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Paradise Lost: A Poem in Twelve Books. The Author John Milton
Visualizzazione completa - 1790
Adam Angels arms beast began behold bliss Book bounds bright bring call'd command created creatures dark death deep defire delight divine dwell earth equal eternal evil eyes fair fall Father fide field fight fince fire force foul fruit gates glory Gods gold grace half hand happy hast hath head hear heard heart heav'n heav'nly hell hill hope host human King knowledge leave less light live look lost mind morn move nature never night o'er once pain Paradise perhaps pow'r praise reason reign reply'd rest rose round Satan sear seat seek seem'd shade shape soon spake spirits stand stars stood sweet taste thee thence things thou thoughts throne till tree virtue voice whence wide winds wings
Pagina 11 - Almighty hath not built Here for his envy, will not drive us hence: Here we may reign secure, and in my choice To reign is worth ambition though in Hell: Better to reign in Hell than serve in Heaven.
Pagina 154 - Hear, all ye angels, progeny of light, Thrones, dominations, princedoms, virtues, powers, Hear my decree, which unrevoked shall stand. This day I have begot whom I declare My only Son, and on this holy hill Him have anointed, whom ye now behold At my right hand ; your head I him appoint ; And by myself have sworn, to him shall bow All knees in heaven, and shall confess him Lord...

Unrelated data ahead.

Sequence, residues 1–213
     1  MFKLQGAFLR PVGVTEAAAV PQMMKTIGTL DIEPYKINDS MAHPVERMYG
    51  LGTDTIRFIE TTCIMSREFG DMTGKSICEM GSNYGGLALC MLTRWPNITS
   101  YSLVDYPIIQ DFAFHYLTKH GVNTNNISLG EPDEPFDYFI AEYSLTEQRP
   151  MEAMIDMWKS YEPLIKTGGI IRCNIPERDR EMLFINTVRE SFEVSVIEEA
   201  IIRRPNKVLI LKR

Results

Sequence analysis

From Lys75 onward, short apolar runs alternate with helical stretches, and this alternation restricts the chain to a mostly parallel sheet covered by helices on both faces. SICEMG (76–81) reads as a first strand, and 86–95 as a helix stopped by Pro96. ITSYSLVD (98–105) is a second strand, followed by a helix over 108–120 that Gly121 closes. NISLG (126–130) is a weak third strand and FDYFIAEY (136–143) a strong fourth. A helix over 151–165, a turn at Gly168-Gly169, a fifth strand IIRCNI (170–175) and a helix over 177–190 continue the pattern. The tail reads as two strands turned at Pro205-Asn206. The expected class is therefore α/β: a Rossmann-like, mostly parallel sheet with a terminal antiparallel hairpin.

Pagina 36 - Devoid of sense and motion? And who knows, Let this be good, whether our angry foe Can give it, or will ever? How he can Is doubtful; that he never will is sure.
Pagina 4 - A dungeon horrible, on all sides round, As one great furnace flamed; yet from those flames No light; but rather darkness visible Served only to discover sights of woe, Regions of sorrow, doleful shades, where peace And rest can never dwell, hope never comes That comes to all, but torture without end Still urges, and a fiery deluge, fed With ever-burning sulphur unconsumed.
Pagina 71 - Thus with the year Seasons return, but not to me returns Day, or the sweet approach of even or morn, Or sight of vernal bloom, or summer's rose, Or flocks, or herds, or human face divine ; But cloud instead, and ever-during dark Surrounds me, from the cheerful ways of men Cut off, and for the book of knowledge fair Presented with a universal blank Of Nature's works to me expunged and rased, And wisdom at one entrance quite shut out.
Pagina 5 - He with his thunder: and till then who knew The force of those dire arms? yet not for those, Nor what the potent victor in his rage Can else inflict, do I repent or change, Though changed in outward lustre; that fixed mind And high disdain, from sense of injured merit...
Pagina 45 - O Progeny of Heaven, Empyreal Thrones, With reason hath deep silence and demur Seized us, though undismayed : long is the way And hard, that out of Hell leads up to Light...
Pagina 27 - Nor was his name unheard or unador'd In ancient Greece ; and in Ausonian land Men call'd him Mulciber ; and how he fell From Heav'n they fabled, thrown by angry Jove Sheer o'er the crystal battlements : from morn To noon he fell, from noon to dewy eve, A summer's day ; and with the setting sun Dropt from the zenith, like a falling star, On Lemnos th...